You don’t get to say that very often when you’re training for an event. Getting things wrong during training, while being entirely inevitable, is usually something to face with a grimace as you look at your remaining weeks and try to recalculate for whatever it is you got wrong.
“Ohfuckohfuckohfuckohfuckohfuckohfuckohfuck,” you usually mumble to yourself at such a moment, when the limits of your body and the march of time haven’t married as well as you imagined at the start. Rarely do you have an opportunity to say “Thank god I COMPLETELY misjudged my training effort!”
Later this year, in June, I’ll be running the length of Hadrian’s Wall from Carlisle to Newcastle. It’s fractionally short of being coast to coast, but in practical terms I’ll be crossing the UK across its width. It’s 69 miles, and I’ll have twenty-four hours to do it.
In January, with no idea how to train for something like this, I made stuff up. It’s like a marathon but longer, I said to myself. So I’ll train like it’s a marathon, but do it for longer.
This was an error, like assuming the best way for a sprinter to train for a marathon is for her to practice sprinting for twenty-six miles. That is an incorrect thing to do, sprinters. That way lies cardiac death of a wholly avoidable sort.
I hadn’t realised that the website for The Wall contains a handy training plan for those doing an ultramarathon for the first time, timed to run from February right up to the event.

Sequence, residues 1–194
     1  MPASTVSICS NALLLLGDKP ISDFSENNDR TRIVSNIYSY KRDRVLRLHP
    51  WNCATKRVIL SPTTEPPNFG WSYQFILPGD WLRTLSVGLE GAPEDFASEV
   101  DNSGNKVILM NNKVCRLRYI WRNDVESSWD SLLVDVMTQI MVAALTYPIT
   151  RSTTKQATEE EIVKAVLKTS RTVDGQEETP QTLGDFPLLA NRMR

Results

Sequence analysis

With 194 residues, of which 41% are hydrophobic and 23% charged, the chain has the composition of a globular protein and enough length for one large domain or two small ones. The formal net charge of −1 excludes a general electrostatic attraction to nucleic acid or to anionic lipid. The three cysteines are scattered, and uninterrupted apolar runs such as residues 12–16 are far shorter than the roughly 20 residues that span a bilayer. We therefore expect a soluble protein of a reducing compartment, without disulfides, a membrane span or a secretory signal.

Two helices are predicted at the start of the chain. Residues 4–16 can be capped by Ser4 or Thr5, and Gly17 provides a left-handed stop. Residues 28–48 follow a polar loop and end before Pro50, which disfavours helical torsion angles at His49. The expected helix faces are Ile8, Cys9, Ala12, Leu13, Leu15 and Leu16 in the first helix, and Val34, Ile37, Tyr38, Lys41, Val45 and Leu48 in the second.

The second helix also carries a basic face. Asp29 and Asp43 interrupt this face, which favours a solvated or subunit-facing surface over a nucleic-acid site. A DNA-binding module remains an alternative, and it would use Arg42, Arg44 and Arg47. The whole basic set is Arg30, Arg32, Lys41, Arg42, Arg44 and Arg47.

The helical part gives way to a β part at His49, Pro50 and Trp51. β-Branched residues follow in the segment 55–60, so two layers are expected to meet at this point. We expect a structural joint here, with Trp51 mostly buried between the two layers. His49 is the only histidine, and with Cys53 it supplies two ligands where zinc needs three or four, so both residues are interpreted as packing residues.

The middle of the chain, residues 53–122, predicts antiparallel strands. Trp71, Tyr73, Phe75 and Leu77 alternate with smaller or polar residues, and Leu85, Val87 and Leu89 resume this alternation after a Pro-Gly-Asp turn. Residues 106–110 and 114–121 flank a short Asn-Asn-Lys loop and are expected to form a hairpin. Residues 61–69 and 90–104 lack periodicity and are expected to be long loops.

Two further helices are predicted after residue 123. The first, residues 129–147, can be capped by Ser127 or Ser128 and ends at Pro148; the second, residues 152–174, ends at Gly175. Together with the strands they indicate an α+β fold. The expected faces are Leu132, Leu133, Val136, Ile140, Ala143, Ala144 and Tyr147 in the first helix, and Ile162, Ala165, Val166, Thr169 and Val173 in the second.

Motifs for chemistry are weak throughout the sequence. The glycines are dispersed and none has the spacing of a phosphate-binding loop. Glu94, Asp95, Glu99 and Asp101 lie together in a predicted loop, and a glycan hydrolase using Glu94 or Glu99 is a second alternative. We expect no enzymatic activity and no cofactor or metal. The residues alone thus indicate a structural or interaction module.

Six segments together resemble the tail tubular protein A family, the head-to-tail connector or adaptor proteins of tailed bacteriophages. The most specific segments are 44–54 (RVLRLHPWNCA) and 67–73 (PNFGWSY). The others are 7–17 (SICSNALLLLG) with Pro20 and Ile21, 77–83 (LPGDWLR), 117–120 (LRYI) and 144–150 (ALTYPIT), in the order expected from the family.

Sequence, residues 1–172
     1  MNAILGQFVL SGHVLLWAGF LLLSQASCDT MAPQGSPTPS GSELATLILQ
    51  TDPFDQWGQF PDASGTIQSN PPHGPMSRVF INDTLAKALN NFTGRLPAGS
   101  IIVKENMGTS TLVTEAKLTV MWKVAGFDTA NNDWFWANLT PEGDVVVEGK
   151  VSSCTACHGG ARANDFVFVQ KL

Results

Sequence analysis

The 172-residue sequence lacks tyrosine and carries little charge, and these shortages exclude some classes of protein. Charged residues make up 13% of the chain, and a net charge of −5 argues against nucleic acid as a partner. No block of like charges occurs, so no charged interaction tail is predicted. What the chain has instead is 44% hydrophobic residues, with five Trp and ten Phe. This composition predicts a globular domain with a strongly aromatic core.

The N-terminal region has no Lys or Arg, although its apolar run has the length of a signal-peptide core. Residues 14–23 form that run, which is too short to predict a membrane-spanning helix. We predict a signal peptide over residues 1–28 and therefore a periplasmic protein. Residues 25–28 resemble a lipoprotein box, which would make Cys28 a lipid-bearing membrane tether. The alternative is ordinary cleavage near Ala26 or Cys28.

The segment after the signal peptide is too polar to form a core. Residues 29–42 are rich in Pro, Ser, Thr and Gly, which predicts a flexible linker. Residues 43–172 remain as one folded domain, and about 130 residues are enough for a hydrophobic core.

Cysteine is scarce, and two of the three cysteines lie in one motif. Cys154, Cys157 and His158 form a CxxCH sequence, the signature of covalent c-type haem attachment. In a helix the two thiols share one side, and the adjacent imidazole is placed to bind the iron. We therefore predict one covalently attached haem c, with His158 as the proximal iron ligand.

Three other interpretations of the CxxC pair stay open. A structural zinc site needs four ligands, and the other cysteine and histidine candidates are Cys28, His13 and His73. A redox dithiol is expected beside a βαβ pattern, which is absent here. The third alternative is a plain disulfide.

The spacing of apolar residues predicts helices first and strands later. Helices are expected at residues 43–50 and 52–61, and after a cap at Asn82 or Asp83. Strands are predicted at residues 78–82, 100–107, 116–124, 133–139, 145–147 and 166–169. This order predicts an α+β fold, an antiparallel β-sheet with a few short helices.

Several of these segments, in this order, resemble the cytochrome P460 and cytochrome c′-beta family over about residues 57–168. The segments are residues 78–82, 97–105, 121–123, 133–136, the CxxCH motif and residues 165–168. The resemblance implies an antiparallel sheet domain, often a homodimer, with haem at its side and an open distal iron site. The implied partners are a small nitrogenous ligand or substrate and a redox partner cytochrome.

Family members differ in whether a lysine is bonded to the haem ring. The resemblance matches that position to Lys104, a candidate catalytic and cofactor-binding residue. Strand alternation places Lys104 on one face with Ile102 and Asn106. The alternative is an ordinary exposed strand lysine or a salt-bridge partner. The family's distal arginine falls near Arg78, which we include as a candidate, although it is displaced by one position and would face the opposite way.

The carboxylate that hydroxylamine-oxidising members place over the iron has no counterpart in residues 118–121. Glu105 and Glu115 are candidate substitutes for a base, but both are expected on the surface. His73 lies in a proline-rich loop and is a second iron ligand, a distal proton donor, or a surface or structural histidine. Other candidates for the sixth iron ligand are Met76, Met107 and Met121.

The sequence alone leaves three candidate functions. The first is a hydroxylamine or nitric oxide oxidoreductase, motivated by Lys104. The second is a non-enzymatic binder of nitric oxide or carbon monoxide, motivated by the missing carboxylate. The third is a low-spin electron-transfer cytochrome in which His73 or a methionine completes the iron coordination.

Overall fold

To my surprise and delight, the marathon plan was pushing me much too hard, too soon.
Two weeks ago I did a twenty-eight mile week. Then I found the ultra plan and saw that I should have done sixteen instead.
Needless to say, and to my body’s absolute joy, I’ve switched plans and dropped my mileage (don’t worry, it’ll increase again in the coming months). Who am I to argue with experts? They do that science and stuff. For once I might actually be ahead of the game on this, with a better training base than the plan initially requires. It won’t last, but I’m going to be smug about it for a while anyway.
The other good thing about the plan is that March’s (extremely) off road, night time Mighty Deerstalker race slots neatly in place as just another long training run. Instead of, you know, the ultimate nightmare scenario that I can’t remember why I thought was ever a good idea, which it more closely resembles. Apparently there’s now less than a month to go before that event.
*tries to find a dignified way to exit blog post*
*remembers to beg for money*
Right, money. I’ll come back to this later (probably every payday between now and June, when you are newly replete with funds), so consider this a soft launch. If you come by here often then you already know I do a fair bit of running. What I don’t often do is put my cap out and ask for sponsorship. Lots of reasons for that, including a generic British reticence about asking anybody for anything. I thought that I’d make an exception for The Wall though. When I was tricked into doing my first marathon in India by Steph, it was as part of a team raising money for Macmillan Cancer Support. We raised over four grand, with your help. As this is my first time running an ultramarathon distance, it seems appropriate to make this new unknown also count for something.